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Grassland CRP enrollment show record interest in habitat leasing in Wyoming

by Wyoming Livestock Roundup

Interest in habitat leasing through the Grassland Conservation Reserve Program (CRP) is on the rise. The Farm Service Agency (FSA) accepted 147,612 acres across 15 counties into Grassland CRP from landowners across the state of Wyoming. 

Several counties, such as Albany, Carbon and Weston, experienced acreage acceptance for the first time since the program’s inception in 2015, and more acres were offered this year than any previous years. 

Grassland CRP was established in the 2014 Farm Bill as a working lands program.

Landowners can still graze livestock and harvest seed and hay on enrolled acres. Significant updates in the 2018 Farm Bill made the program applicable to Western rangelands. 

Under current rules, ranchers are awarded a minimum of $13 per acre annually, but payments can range from $13 to $25 per acre, depending on the county in Wyoming, for sustaining wildlife habitat by not developing the land or converting it into row crops. 

The “lease” of grassland habitat endures for 10 or 15 years, and annual rental payments are capped at $50,000 per year. 

Wyoming enrollment

Shaleas Harrison, Wyoming resource coordinator for the Western Landowners Alliance (WLA), noted part of this year’s elevated enrollment can be attributed to a priority ranking several counties received as a result of a federal-state partnership to conserve migratory big game habitat. 

“Focused resources established through the state of Wyoming and U.S. Department of Agriculture’s (USDA) Big Game Conservation Partnership provide incentives to landowners in counties across the state,” Harrison said. 

Counties within state and/or national priority zones, such as Carbon County, saw thousands of acres offered by landowners.

“Wyoming farmers and ranchers play a critical role in helping secure the future of our food production and our natural resources. Historically, production agriculture and grazing land have created and sustained healthy and balanced economic development,” said Bill Bunce, FSA’s Wyoming state executive director.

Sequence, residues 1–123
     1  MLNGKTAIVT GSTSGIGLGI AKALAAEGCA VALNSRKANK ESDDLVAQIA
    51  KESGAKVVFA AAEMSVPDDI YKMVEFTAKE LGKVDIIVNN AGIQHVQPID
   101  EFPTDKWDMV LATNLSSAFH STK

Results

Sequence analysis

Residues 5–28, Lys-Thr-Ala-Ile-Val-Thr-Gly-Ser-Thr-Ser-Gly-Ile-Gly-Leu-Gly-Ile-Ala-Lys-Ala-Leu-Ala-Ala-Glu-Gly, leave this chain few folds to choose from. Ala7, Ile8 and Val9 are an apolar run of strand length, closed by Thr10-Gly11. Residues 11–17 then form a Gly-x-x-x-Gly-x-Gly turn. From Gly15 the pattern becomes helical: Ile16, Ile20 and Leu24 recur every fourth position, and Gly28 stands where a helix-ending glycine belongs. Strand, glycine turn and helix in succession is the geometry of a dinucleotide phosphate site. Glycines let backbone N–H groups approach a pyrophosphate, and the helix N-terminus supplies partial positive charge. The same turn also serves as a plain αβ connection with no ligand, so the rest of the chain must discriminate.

“This yearʼs successful Grassland CRP sign-up proves there is interest in sustaining conservation, wildlife habitat, water and production agriculture,” he added.

Data provided by Wyoming FSA shows the change in acreage and rental rates over the years (see adjacent table). 

Counties within the priority zones demonstrated record-high interest in the program in 2023. 

“For a while now, landowners have been asking for a habitat lease to offset the cost of providing wildlife habitat,” said Harrison. “It’s great to see landowners rewarded for stewarding wildlife and open space. Working lands are an important piece to wildlife migrations.” 

Grassland CRP

Landowners who ultimately enroll acreage into the program are subject to a conservation plan developed with the USDA’s Natural Resources Conservation Service. 

A technician works with the landowner to devise a grazing plan and a series of practices and enhancements to promote range health and wildlife habitat. For example, the plan may stipulate times of the year when haying and grazing are not allowed, and there can be cost share opportunities through FSA for enhancements such as water development, prescribed fire and fuel breaks in the plan. 

In addition, as part of the Wyoming-USDA Big Game Partnership, for the first time, producers can combine Grassland CRP with the Environmental Quality Incentives Program (EQIP) to improve range health. 

Example conservation practices provided through EQIP include wildlife-friendly fence conversion, invasive weed treatments, aspen regeneration, brush management, range planting and wet meadow restoration.  

Founded in 2012, WLA is a landowner-led organization dedicated to keeping the private and working lands of the West whole and healthy for people and wildlife. WLA’s mission is to advance policies and practices to sustain working lands, connected landscapes and native species.

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